With Kick-Ass hitting theaters soon and with all of the brouhaha that’s sure to be discussed about having a 11-year-old girl (Chloë Moretz’s Hit Girl) sprouting all sort of profanity and committing many acts of violence, I felt it’s time I do a list of my favorite onscreen tough young girls. If you’ve come here for an essay of the so-called controversy itself, you won’t find it here, mostly because I don’t give a shit about it (as far as I’m concerned, the more swearing and violence the better). This isn’t the article you’re looking for … move along, move along.
Iris, from Taxi Driver (1976, Jodie Foster). “How do you want to make it?” Foster’s portrayal of an 12-year-old prostitute earned her an Oscar nomination. While Iris might seem more of a victim trying to get away from her pimp (“Sport,” played by Harvey Keitel), it’s how she faces her world that makes her tough. She’s growing up way too fast, yet still shows signs of still being a little girl, like in the diner scene having breakfast with Travis Bickle (Robert De Niro).
Addie Loggins, from Paper Moon (1973, Tatum O’Neal). “I want my two hundred dollars.” The daughter of a prostitute, Addie finds herself traveling during the Great Depression with the man she suspects is her father, Moses Pray (Ryan O’Neal). Along the way she discovers his profession — a con man — and also discovers she’s an excellent accomplice. Tatum O’Neal’s portrayal earned her a Supporting Actress Oscar; at 10 years old she remains the youngest winner of an Academy Award.
Rynn Jacobs, from The Little Girl Who Lives Down the Lane (1976, Jodie Foster). “Go in that study, Mrs. Hallet, and I tell my father about your son.” Look, folks, if you had just left her alone, she wouldn’t have been forced to put poison in your tea. It’s really that simple.
Claudia, from Interview with the Vampire (1994, Kirsten Dunst). “I promise I’ll get rid of the bodies.” Once turned into a vampire, this little one becomes an out-of-control killing machine who later becomes enraged when she figures out that she will live forever but never grow up — trapped in a little girl’s body for all eternity.
Amanda Whurlitzer, from The Bad News Bears (1976, Tatum O’Neal). “You handled it like shit!” Recruited by Coach Buttermaker (Walter Matthau), it’s Amanda’s role as pitcher that helps turn the tide for the floundering Little League team. What she really wants is father figure Buttermaker back in her life, and is prepared to let him have a piece of her mind when she discovers that he’s just not ready for that.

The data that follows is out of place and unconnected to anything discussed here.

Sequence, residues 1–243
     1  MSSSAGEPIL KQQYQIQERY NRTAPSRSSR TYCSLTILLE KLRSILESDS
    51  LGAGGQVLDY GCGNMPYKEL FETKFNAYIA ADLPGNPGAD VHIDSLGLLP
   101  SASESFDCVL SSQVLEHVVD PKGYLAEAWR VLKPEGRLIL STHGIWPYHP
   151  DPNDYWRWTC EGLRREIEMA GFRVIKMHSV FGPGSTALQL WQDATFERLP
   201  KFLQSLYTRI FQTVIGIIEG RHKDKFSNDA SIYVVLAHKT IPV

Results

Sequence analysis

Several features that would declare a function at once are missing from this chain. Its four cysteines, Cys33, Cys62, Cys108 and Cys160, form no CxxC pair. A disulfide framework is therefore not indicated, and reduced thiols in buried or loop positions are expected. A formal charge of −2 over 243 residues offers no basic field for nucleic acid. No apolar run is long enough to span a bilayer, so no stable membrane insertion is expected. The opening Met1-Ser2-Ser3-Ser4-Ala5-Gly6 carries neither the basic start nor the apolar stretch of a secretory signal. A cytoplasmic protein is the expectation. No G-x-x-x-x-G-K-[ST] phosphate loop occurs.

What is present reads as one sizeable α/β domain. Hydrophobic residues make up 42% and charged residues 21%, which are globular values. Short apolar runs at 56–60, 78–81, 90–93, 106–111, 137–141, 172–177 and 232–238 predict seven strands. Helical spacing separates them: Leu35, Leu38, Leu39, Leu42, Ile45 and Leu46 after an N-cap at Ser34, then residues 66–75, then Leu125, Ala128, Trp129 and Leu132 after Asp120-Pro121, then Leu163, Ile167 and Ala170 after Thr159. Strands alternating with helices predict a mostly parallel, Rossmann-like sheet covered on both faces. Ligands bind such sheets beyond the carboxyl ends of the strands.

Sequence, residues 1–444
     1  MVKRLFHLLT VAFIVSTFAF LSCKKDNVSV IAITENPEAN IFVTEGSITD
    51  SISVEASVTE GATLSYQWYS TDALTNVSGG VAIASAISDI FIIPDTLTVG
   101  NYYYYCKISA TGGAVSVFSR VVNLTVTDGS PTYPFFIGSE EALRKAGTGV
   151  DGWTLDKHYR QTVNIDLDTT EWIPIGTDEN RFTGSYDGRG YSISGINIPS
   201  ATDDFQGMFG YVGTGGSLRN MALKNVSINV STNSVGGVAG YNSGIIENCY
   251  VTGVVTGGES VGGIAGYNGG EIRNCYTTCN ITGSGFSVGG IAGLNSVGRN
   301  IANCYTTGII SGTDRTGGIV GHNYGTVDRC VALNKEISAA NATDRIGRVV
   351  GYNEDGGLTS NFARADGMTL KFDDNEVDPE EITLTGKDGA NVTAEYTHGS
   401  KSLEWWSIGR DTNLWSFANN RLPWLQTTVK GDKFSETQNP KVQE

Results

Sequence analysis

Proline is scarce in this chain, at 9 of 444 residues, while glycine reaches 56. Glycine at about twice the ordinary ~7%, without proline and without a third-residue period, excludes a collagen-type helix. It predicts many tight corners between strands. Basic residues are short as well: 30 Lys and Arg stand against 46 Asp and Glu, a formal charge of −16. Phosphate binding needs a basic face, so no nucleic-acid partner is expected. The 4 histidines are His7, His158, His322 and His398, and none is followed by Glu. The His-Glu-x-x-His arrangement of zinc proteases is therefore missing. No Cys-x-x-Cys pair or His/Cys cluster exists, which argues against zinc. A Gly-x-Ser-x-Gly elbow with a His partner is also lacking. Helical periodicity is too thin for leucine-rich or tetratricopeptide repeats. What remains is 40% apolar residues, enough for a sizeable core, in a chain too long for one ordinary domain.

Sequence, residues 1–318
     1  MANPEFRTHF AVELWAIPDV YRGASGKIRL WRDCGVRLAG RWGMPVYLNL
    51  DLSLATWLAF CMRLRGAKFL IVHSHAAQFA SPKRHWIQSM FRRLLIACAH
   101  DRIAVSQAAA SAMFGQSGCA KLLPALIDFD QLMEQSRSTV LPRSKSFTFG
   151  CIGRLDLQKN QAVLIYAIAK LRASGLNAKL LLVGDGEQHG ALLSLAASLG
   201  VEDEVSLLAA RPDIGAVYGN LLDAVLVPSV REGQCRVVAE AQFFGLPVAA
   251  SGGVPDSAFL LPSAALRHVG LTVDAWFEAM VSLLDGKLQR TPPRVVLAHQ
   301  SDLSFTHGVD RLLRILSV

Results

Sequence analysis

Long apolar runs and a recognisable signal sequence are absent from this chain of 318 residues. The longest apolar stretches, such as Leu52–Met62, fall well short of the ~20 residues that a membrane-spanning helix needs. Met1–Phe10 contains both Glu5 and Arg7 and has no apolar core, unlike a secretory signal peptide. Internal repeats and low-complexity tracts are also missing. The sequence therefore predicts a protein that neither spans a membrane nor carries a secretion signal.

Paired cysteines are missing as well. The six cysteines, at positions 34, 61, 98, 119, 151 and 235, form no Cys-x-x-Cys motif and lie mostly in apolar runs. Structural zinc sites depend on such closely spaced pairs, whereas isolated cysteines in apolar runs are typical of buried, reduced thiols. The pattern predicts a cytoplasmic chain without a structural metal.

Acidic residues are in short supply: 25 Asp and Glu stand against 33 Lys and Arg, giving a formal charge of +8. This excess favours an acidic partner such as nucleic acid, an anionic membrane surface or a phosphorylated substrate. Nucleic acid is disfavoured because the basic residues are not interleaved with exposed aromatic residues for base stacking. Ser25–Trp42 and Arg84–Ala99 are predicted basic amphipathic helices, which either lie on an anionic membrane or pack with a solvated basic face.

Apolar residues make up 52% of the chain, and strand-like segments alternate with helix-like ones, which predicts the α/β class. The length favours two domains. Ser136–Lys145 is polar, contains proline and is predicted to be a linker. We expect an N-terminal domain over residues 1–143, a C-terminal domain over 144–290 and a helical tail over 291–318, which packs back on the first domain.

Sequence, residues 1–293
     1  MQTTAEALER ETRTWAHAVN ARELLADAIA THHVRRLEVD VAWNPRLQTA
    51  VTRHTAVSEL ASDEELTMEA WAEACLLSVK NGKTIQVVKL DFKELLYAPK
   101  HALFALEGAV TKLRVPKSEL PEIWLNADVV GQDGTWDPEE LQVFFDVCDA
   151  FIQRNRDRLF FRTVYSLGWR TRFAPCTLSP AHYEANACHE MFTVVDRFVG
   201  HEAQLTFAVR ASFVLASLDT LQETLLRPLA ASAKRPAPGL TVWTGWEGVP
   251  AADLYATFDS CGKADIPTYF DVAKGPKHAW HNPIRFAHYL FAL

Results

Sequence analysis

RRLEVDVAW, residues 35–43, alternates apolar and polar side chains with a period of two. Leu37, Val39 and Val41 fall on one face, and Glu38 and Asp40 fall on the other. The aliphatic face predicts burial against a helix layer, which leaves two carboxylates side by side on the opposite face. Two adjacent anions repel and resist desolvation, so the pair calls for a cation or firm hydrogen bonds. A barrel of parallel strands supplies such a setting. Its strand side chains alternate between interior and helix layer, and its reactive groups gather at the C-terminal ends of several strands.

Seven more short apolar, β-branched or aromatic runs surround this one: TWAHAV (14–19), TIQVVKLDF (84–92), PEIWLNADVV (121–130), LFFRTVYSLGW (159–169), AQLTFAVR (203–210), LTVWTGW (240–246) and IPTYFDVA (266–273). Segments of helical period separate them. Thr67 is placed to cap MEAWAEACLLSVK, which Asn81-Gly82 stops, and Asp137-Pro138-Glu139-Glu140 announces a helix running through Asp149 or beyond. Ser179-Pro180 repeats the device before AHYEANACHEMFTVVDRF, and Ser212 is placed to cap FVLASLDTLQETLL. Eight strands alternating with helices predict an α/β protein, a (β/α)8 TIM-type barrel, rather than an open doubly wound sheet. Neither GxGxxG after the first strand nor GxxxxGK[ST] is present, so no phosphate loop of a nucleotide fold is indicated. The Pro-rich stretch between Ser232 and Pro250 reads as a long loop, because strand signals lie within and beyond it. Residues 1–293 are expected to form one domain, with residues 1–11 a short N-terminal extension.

Juno MacGuff, from Juno (2007, Ellen Page). “I mean, can’t we just, like, kick this old school? Like, I have the baby, put it in a basket and send it your way, like, Moses and the reeds?” The freshly knocked-up 16-year-old Juno takes on some very adult situations — and faces them with confidence, intelligence and humor.
Audrey, from Alice Doesn’t Live Here Anymore (1974, Jodie Foster). “So long, suckers!” A shoplifting kleptomaniac and general bad influence on Alice’s son Tommy (Alfred W. Lutter), Audrey is pretty much on her own after her mother takes up prostitution. Her character is nowhere to be found — not even a quirky toned-down “TV-safe” version — in the long-running TV series Alice (1976-1985; which was based on this movie).
Pauline Parker and Juliet Hulme, from Heavenly Creatures (1994, Melanie Lynskey and Kate Winslet). “The next time I write in this diary, Mother will be dead. How odd … yet how pleasing.” This one’s a two-fer, based on the true story of Parker and Hulme, two best friends (aged 14 and 15, respectively) willing to commit murder to avoid being separated. On the other hand, if nobody had tried to separate them, nothing would have gone down. Not that I’m condoning murder or anything.
Leslie Burke, from Bridge to Terabithia (2007, AnnaSophia Robb). “We rule Terabithia and nothing crushes us!” An impressionable 12-year-old girl with a strong imagination, she and best friend Jess Aarons (Josh Hutcherson) form a very special bond, creating from an abandoned treehouse an entire fantasy world that seems to come alive. To say any more and spoil this wonderful film would be a crime.
Kit Kittredge, from Kit Kittredge: An American Girl (2008, Abigail Breslin). “What you’re holding is the story you’ve been looking for.” Growing up during the Great Depression, with aspirations of becoming a newspaper reporter, it turns out that the resourceful Kit Kittredge is also not bad at solving crime. Make no attempts to scam her friends or family — you will be caught.
Rhoda Penmark, from The Bad Seed (1956, Patty McCormack). “Why should I feel sorry? It was Claude Daigle who got drowned, not me!” The quote (not to mention the title of the movie) says it all. This girl is nothing but bad news, leaving behind a trail of bodies — including one dude burned alive. A character so downright evil, the Hays Code forced the studio to alter the ending of the original novel so she gets her comeuppance instead of going unpunished.